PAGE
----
BELGRADE (Reuters Life!) - Showing visitors the extensive gardens at his 333-acre estate, Alexander Karadjordjevic gestures to a bed of flowers and comments on the burden of maintaining such large grounds.
“We’ve had to reduce the gardeners to six. These guys are really stretched out,” said Karadjordjevic, son of Yugoslavia’s last king and heir to the throne. “Tito had 40 — but he lived like an emperor.”
Serbia’s monarchy ended during World War Two, after which Communist leader Josip Broz Tito took power, using the royal palaces in Belgrade to host dignitaries and receptions.
Crown Prince Alexander II, son of the late King Peter II who fled to Britain during the 1941 Nazi invasion, returned to live in the palace in 2001 after strongman Slobodan Milosevic fell.
The government still holds title to the royal Dedinje compound, including the six-bedroom 1920s Stari Dvor (Old Palace) where Karadjordjevic lives with his wife, and Beli Dvor (White Palace) used for receptions. Belgrade budgets a million euros a year for upkeep — far too little, the prince says.
“It’s a big responsibility to maintain a place like this,” said Karadjordjevic, who wore a doubled-breasted suit and speaks far better English than Serbian. “You have a list of repairs. Number one is the roof. Number 50 is the swimming pool.”
Among the areas that are well preserved are the movie theater, billiard room and other ornate basement rooms, ground floor dining room with a massive fireplace and long wooden table, and library stocked with thousands of books.
After World War Two, Communism ended monarchy across the Balkans, although Tito maintained a regal tradition of entertaining top international leaders there.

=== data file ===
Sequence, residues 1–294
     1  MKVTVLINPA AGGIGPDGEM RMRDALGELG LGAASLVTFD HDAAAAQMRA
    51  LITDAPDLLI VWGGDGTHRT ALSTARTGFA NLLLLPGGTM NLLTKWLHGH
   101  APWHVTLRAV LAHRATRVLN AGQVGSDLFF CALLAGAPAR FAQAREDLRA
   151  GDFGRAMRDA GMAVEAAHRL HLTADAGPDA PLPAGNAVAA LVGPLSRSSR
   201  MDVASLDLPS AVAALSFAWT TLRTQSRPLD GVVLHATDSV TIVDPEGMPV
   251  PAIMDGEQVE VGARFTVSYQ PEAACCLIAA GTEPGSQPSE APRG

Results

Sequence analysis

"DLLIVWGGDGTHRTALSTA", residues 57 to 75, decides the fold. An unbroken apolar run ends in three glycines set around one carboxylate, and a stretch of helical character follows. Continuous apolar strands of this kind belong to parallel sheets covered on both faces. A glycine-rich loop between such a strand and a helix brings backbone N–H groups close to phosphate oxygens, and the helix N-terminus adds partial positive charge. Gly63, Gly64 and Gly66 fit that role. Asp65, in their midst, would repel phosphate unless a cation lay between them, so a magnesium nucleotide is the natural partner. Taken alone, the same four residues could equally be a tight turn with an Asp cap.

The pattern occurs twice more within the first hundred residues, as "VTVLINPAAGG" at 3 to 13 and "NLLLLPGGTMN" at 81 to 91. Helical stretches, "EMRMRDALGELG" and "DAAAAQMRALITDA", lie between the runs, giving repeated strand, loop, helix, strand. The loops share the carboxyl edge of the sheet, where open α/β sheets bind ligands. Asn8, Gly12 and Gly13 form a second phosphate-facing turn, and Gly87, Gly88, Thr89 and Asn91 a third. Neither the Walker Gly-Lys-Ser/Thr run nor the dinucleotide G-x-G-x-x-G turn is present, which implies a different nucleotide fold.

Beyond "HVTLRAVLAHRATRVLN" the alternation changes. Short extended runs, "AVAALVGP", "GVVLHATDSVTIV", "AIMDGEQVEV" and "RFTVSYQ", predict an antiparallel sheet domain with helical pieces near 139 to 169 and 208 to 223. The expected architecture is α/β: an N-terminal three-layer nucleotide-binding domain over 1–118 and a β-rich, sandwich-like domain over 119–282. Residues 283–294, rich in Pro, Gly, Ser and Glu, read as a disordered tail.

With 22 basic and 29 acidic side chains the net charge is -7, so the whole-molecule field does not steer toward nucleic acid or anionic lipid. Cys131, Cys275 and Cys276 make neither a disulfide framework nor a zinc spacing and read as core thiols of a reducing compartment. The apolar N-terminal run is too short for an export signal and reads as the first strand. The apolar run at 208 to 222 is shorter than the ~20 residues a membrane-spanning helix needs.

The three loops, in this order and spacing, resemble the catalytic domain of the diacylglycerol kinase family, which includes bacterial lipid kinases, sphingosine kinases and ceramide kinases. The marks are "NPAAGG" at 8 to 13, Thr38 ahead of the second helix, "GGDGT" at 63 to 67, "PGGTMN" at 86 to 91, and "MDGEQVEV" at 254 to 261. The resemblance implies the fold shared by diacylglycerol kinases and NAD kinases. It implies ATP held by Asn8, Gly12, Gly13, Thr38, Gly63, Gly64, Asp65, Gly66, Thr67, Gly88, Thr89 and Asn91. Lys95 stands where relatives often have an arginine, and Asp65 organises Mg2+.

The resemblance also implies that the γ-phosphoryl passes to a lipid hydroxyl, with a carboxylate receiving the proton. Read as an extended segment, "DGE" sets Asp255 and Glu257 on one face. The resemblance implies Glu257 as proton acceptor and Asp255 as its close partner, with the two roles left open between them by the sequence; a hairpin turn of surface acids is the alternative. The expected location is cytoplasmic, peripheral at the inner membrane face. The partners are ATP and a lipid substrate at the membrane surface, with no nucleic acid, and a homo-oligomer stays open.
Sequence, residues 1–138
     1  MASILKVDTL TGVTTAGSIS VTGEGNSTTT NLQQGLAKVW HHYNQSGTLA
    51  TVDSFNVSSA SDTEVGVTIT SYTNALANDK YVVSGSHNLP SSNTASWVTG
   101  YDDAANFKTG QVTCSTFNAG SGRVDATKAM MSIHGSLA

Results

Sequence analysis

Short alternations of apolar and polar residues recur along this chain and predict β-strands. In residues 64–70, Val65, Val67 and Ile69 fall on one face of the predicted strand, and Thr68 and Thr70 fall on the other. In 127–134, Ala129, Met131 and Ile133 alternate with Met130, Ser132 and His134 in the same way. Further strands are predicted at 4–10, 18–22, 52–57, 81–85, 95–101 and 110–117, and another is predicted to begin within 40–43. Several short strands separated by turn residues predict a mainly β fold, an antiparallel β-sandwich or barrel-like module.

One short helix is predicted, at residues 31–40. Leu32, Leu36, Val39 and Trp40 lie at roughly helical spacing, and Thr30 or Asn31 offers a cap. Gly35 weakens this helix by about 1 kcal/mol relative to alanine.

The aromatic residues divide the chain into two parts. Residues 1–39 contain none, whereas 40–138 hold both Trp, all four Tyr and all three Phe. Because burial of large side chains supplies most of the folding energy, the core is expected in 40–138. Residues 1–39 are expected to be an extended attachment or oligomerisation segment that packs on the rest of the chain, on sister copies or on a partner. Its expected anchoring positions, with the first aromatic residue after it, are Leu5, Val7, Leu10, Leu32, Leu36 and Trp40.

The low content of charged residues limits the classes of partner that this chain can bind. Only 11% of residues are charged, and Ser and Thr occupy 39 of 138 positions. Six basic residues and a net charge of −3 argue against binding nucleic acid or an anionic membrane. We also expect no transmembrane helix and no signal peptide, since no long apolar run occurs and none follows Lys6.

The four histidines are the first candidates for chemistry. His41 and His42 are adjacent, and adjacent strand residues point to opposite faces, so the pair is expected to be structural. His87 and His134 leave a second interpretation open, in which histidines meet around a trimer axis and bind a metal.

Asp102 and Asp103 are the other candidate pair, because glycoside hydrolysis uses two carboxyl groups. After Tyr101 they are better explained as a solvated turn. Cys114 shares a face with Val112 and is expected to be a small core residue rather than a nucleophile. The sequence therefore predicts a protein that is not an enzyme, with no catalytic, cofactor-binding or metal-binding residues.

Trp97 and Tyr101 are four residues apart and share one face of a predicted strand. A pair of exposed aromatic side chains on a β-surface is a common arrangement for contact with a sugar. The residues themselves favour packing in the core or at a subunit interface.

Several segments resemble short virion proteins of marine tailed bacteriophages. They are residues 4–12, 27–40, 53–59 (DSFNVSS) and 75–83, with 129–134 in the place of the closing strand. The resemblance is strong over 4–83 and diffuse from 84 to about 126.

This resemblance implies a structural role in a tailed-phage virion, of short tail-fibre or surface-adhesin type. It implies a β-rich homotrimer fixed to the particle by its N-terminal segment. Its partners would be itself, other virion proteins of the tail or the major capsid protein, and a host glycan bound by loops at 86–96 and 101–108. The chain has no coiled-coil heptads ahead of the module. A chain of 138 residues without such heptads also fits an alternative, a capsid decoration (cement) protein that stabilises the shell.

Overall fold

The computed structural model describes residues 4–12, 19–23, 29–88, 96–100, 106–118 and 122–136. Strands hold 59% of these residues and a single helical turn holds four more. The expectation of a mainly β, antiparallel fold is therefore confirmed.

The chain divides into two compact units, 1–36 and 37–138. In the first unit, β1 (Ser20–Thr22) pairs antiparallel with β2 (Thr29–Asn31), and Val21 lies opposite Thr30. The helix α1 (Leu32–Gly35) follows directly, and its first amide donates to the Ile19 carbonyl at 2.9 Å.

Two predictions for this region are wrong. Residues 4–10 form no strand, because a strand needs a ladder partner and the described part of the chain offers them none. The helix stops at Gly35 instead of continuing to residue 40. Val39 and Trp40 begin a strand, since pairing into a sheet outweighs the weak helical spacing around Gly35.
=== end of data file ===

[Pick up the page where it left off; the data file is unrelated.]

“They were all dressed in brilliant uniforms, dress suits, the bejeweled ladies in long silk gowns, deep decolletes, some with fur around their shoulders,” Communist dictator Enver Hoxha wrote in his memoirs about a 1946 reception at the White Palace. “We were completely out of our depth!”
Later, walking with Tito in the palace grounds after a shower of rain, Hoxha’s shoes and pants became soiled with mud. “I blushed with shame,” he wrote. “I went through real torture.”
The fall of the Berlin Wall in 1989 allowed former royalty to return, although no country restored the monarch.
Bulgaria’s former King Simeon II became the first ex-monarch to regain political power in post-communist eastern Europe, serving as prime minister from 2001-05.
In Albania, Leka, son of King Zog, returned to live in 2000 in a relatively modest two-story building in the capital Tirana and a seaside villa. His son works as an advisor in the foreign ministry.
Nikola Petrovic, great grandson of Montenegro’s last king who ruled through 1918 has complained that he feels like a tourist when visiting from France because he does not have a place to stay.
London-born Karadjordjevic was able to take up residence in the most grandiose residence in Serbia, but has not won much backing to establish a constitutional monarchy.
He chronicles his activities on his website and allows tourists to visit but blames the Serbian media for ignoring his views.
Without a throne in sight, the royal heir lobbies to win back legal title to the palace and its lands which he said were paid for by his grandfather, Alexander, who ruled Yugoslavia with a heavy hand until his assassination in France in 1934.
He wants the government to boost subsidies for repairs and operations, complaining the palace has received just 400,000 euros of a budgeted million euros this year.
“We’re not the only ones suffering from a lack of budgetary funds,” Karadjordjevic said. “Certainly it’s not been easy over the last two or three years as one moved more into the economic crisis.”
Asked how the larger public would benefit from state spending on the royal palaces, he became slightly miffed and said Serbia should support its cultural heritage, which in turn could help define a new image for a country still emerging from the international isolation of the 1990s wars.
By attracting well-to do people for parties such as his wedding anniversary a few weeks ago, he said, more foreign investment may result.
“These are the spenders of the planet earth — come on, you know that,” he said. “You’ve got to convince them. You don’t bring them into a smoke-filled room so that they catch cancer; you bring them into a friendly room and give them a cup of tea or coffee.
“You hope that they go back to the New Yorks, or the Frankfurts or wherever and they say ‘I went to Serbia, it’s a great place, we’ll go back and invest.’”
Additional reporting by Benet Koleka in Tirana and Petar Komnenic in Podgorica; Editing by Steve Addison